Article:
With increasing crop demand for nitrogen (N) fertiliser, what are the opportunities for increasing the efficiency of what we apply to cereals?
Are there efficiency gains from banding N at seeding compared to post seeding boom applications, and can banding N at the start of stem elongation give better results than streaming it onto the crop?
The advantages of banding N are mainly related to reduced potential for immobilisation losses, and to a lesser extent volatilisation – the risk of volatilisation being greater with urea.
On the other hand, N applied at seeding is more susceptible to leaching – in a leaching environment.
A trial on Scepter wheat at South Stirlings last year sought to compare the effectiveness of banding Flexi-N at seeding to streaming it on early post seeding, with another comparison of these methods at early stem elongation.
While the site was moderately (and profitably) responsive to N (with 151 kg N/ha lifting yields from 2.7 to 4.6 t/ha), there were no clear effects relating to either N placement of timing.
Compared to streaming Flexi-N, there was no agronomic benefit from banding N at seeding or at early stem elongation.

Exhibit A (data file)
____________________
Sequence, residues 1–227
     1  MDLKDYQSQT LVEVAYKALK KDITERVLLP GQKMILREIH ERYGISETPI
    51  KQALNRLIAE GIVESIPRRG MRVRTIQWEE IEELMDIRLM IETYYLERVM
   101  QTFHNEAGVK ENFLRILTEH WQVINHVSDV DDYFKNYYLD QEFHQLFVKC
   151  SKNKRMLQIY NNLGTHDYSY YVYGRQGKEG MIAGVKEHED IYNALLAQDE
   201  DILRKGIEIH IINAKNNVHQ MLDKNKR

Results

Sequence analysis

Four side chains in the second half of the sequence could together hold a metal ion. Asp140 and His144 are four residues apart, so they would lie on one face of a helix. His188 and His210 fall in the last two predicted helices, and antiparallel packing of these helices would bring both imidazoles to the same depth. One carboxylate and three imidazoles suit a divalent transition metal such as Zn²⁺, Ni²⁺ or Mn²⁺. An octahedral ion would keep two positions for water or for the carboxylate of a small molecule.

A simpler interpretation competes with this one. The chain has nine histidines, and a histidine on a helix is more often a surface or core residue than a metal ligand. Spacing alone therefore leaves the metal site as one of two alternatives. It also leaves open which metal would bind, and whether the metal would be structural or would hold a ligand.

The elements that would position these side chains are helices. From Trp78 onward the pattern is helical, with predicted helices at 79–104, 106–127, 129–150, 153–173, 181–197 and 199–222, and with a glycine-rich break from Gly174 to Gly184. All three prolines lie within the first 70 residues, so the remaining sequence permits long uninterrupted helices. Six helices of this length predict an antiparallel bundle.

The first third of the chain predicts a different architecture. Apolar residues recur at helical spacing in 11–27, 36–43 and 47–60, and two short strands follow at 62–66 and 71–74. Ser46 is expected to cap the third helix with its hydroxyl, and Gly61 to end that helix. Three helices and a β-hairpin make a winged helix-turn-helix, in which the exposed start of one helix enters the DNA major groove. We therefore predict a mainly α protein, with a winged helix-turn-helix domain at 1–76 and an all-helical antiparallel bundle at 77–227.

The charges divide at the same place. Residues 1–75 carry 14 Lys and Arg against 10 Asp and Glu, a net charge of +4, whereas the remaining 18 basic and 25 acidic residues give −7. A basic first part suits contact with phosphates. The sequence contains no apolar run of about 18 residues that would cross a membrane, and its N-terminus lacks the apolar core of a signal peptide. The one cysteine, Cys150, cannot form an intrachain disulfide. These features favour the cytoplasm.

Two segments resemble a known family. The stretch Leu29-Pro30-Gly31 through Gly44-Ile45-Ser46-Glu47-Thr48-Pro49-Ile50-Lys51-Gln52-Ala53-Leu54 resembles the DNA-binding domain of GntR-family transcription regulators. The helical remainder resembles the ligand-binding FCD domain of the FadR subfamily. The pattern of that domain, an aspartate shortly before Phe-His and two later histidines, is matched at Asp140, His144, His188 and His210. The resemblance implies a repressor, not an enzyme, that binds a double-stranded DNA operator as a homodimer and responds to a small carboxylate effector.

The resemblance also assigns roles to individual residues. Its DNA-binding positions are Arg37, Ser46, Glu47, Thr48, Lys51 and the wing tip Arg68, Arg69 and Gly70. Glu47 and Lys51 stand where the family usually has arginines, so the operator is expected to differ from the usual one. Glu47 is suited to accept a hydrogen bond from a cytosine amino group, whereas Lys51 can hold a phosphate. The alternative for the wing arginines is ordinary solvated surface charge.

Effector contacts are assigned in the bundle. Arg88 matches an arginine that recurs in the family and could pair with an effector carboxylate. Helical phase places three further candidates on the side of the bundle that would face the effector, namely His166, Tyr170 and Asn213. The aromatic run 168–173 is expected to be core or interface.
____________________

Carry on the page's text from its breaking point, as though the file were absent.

Most likely because there wasn’t enough stubble residue to tie up the N applied to the surface.
Compared to delaying the first application until the three leaf stage, banding Flexi-N at seeding was just as effective.
Conditions post seeding were relatively dry, so there was no risk of early leaching losses.
The benefits from banding Flexi-N are greatest where there are high stubble residues, and broadcast applications are uneven, or unavailable because they are not washed into the root zone.
Sure, banding N at seeding may be at susceptible to leaching, but that will only be in a leaching environment.
The risk of leaching losses needs to be weighed up against the risk of immobilisation losses and of course the logistics of any need to applying N over the season – particularly if high rates are required.